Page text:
This morning I listened to a couple of interviews on local ABC radio.

The first was with a representative of the Cairns Chamber of Commerce. The second interview was with a local union representative (from the AWU). The context for the discussion was the global economic downturn. How may it affect Far North Queensland? What can we do to keep our region’s economy afloat?

Both contributors, I have no doubt, are nice well-meaning people. But what struck me was the utterly vacuous nature of their analyses and proposals. As business is the base of the Coalition Parties – and organized labor the bedrock of the ALP – our apparent inability to take swift, intelligent, interventionist action for our future benefit becomes explicable.

If our local political elites had half a brain, they’d be busting with proposals for significant Federal investment in this region.

We need major projects to stimulate the economy. We also need to develop a more sustainable way of life. BOTH are urgent priorities. Projects that deliver BOTH will enjoy very widespread support.

So where is FNQ’s ‘ready to go’ list of sustainable development projects which our local politicians could be selling – right now – in the corridors of power down south?

Here are a few suggestions:

· Upgrading the region’s sewerage systems to world best practice
· Systematic remediation of te region’s toxic sites
· Large-scale forestation to reestablish riparian and wildlife corridors
· Building a new, high-efficiency rail system for the region
· Upgrading the region’s infrastructure for disaster amelioration
· Establishing more state-of-the-art eco-tourism visitor facilities on public lands

I’m sure there are plenty more. Working out the highest priorities would not be easy.

But there’s a problem.

Every major state-sponsored project (unless it’s a corporate bail-out!) takes preparation time. New infrastructure proposals must be considered, evaluated against alternatives, subjected to EIA etc etc. The lead-in time can be quite long.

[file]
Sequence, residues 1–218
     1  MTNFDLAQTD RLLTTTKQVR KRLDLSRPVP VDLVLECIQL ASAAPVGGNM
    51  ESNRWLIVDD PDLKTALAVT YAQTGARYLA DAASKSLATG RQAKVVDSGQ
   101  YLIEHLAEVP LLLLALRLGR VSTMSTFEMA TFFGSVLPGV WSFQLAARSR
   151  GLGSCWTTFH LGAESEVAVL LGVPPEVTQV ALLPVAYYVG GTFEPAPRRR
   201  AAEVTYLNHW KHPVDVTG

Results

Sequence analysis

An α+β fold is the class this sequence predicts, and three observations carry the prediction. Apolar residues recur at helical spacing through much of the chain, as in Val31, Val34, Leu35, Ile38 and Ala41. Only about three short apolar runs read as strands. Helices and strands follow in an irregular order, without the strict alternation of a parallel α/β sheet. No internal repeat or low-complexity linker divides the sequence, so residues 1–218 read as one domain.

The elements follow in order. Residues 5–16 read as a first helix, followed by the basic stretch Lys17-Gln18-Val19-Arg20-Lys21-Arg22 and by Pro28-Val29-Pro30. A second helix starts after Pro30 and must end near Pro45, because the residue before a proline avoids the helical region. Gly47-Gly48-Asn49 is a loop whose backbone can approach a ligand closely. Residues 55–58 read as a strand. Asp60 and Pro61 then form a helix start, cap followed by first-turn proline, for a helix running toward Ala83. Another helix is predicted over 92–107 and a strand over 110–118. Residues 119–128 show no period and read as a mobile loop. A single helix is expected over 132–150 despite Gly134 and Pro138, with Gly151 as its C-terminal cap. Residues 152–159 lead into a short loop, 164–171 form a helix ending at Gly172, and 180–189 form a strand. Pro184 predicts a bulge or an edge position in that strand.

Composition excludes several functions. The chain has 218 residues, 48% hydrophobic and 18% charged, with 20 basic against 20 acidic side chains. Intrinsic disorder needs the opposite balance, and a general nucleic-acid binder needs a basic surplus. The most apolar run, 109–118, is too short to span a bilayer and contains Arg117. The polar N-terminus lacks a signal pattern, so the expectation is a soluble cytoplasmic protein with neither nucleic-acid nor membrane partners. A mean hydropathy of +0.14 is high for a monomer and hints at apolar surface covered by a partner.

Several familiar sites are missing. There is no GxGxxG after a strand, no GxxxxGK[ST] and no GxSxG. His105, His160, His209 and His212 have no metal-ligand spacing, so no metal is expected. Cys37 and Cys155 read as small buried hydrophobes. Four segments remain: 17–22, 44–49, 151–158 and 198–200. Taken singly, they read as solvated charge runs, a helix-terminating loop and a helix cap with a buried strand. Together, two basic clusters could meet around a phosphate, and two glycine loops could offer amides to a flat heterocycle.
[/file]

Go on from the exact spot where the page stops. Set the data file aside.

Yet we now find ourselves in a situation where a major regional stimulus package may be needed quite soon.

It seems to me FNQ is likely to pay the price for conformist, unimaginative political leadership in recent times.

Local capital – and labor – have yet to wake up.

They don’t seem to realize that the era of (genuine) sustainable development is NOW (25 years ago, actually!). They remain in a mindset of opposing ‘radical’ plans for sustainable development, preferring continuing pubic subsidy of tried and tested activities such as yet more investment in (unsustainable) major road projects.

The relative political weakness of the green movement in this region has meant that projects with a focus on sustainability have been dismissed as ‘dreams’. Meanwhile, other region’s with more enlightened leadership have dreamt on – and as a consequence are far more ready with big ticket plans to take to Ministers like Penny Wong and Anthony Albanese.

Guess which regions will get the dosh, when it starts to flow?

Guess who will miss out?